From The President
Announcing new elements of a growing commitment
On behalf of the MTSO community, I bring you Advent greetings. It is finals week here on campus, a time with its own kind of expectation and waiting. For many, it may well be characterized more by hope than joy. And yet the larger narrative and deeper meanings of this season are not lost on us in this place. New birth is always in the air here, and it is palpable in the calling and the commitments of those preparing to go forth and serve.
I want to take this opportunity to announce the next step in our strategic partnership with Garrett-Evangelical Theological Seminary. Together, our two seminaries have appointed Dr. Timothy Eberhart to a joint faculty appointment as Assistant Professor of Theology and Ecology. Dr. Eberhart earned his B.A. in Religion from St. Olaf College and an M.Div. and Ph.D. from Vanderbilt University. His Ph.D. focus was in theological ethics, and his dissertation was titled "Rooted and Grounded in Love: Joining God's Feast of Holy Communion in the Global Market Economy." He is an ordained elder in the Dakotas Conference of the United Methodist Church and has served on various boards and committees of the church as well as other community-based organizations.
Dr. Eberhart shares the following: "How we live as members of the creation reveals a great deal about who we believe God to be and what it means to lead a faithful existence. I'm eager to play a role in this collaborative effort to equip leaders with the wisdom of an ecological perspective and the practical knowledge of how to guide communities into the ways that lead to life."
This new appointment strengthens our work with Garrett, and it also augments already strong MTSO resources around theology and ecology. Our existing ecology specializations in the M.Div. and Master of Arts in Practical Theology degrees are attracting students, and this is an important next step. I encourage you to use this link to access a draft document that helps define the important sustainability and ecology/theology dimensions of our academic program. It also suggests the importance of bringing additional aspects of our campus life and community into alignment with this aspect of our academic mission.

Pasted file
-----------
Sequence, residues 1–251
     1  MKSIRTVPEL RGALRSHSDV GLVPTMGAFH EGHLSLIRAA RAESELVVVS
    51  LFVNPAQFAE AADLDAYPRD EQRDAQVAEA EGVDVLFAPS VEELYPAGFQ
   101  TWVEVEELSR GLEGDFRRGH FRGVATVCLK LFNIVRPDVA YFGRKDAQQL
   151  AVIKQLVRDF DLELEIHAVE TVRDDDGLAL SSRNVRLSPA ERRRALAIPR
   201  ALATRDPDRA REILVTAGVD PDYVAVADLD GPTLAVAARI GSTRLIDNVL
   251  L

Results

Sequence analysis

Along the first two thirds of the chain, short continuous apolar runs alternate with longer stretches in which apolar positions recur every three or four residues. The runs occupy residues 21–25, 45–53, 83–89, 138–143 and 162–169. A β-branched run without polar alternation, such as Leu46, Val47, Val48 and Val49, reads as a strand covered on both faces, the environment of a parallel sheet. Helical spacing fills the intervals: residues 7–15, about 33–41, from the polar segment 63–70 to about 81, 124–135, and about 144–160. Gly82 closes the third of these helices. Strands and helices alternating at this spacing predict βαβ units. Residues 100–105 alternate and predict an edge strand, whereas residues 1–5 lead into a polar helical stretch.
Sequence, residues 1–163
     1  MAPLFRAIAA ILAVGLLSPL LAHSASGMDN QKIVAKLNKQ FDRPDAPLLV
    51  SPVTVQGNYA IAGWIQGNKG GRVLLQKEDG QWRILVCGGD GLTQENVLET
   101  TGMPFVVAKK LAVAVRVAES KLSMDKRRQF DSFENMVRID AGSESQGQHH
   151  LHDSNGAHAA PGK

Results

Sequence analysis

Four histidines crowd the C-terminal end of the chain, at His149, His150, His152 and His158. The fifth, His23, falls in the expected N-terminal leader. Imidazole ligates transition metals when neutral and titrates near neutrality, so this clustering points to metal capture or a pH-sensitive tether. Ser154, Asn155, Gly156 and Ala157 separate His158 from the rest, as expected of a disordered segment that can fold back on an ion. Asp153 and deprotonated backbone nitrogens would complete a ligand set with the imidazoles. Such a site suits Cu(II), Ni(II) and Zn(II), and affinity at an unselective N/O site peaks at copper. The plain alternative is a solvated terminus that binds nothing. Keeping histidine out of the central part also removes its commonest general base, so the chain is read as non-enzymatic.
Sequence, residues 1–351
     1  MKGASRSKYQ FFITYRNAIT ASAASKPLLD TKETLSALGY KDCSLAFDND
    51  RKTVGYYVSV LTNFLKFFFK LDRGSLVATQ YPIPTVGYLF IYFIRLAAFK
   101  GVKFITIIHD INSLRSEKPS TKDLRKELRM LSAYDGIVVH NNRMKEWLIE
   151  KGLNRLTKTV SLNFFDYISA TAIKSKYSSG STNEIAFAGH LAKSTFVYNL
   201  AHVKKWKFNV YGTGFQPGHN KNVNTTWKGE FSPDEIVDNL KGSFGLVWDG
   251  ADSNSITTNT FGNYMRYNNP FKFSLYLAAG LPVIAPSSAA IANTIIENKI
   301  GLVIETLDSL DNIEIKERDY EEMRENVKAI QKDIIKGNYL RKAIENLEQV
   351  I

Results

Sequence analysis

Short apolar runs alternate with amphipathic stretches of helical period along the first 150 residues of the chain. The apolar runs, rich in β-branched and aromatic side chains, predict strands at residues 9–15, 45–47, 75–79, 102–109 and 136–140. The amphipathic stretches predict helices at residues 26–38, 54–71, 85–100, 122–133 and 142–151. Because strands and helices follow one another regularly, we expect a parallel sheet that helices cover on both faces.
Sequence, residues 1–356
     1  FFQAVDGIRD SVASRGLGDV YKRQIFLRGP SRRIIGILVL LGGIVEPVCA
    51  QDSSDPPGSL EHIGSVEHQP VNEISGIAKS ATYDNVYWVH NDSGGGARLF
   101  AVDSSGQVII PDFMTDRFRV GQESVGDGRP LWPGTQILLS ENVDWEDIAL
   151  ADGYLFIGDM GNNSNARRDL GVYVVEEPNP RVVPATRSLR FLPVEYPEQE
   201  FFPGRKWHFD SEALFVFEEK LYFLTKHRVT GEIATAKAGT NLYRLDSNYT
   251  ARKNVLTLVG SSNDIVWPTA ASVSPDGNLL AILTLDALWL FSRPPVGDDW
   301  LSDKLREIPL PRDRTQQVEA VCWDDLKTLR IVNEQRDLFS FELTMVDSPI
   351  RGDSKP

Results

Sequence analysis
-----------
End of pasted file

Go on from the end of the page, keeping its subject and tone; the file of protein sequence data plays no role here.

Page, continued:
In the most recent Story Magazine, I shared with you the creation of a Campus Steward position overseeing buildings and grounds, a position that has been very ably filled by Kyle Cunningham. Now I am very excited to announce the next phase of our work.
Following considerable study and deliberation, but also as a bit of a leap of faith, we are launching a sustainability and land-use initiative that will deepen our commitment to ecological wholeness and give MTSO a very distinctive role in the larger landscape of theological education. As you may know, issues of food production and justice are very much at the center of contemporary ecological and environmental movements. With that in mind, we are starting farm. Yes, a farm.
This morning we began the construction of two large "hoop houses," which are similar to greenhouses. In the spring we will till and plant several acres of an area of campus that has provided little more than grass to be mowed for several decades. Dunn Dining Hall is becoming a farm-to-table operation.
The food we harvest will serve those on campus and beyond. We are already building relationships with a number of organizations that will allow us to connect the organic and locally sourced food movement – often a fairly elite endeavor – with our many other ministry, service and social-justice commitments.
While this move reflects trends on college campuses in Ohio and beyond, it is to my knowledge the first such effort for a U.S. theological school.
We are constantly committed to advancing MTSO in ways that honor those who have shaped it while preparing today's students to serve and lead in the contexts they'll encounter. I firmly believe our growing focus on sustainability and ecological stewardship fits that commitment. As always, I welcome further discussion with you.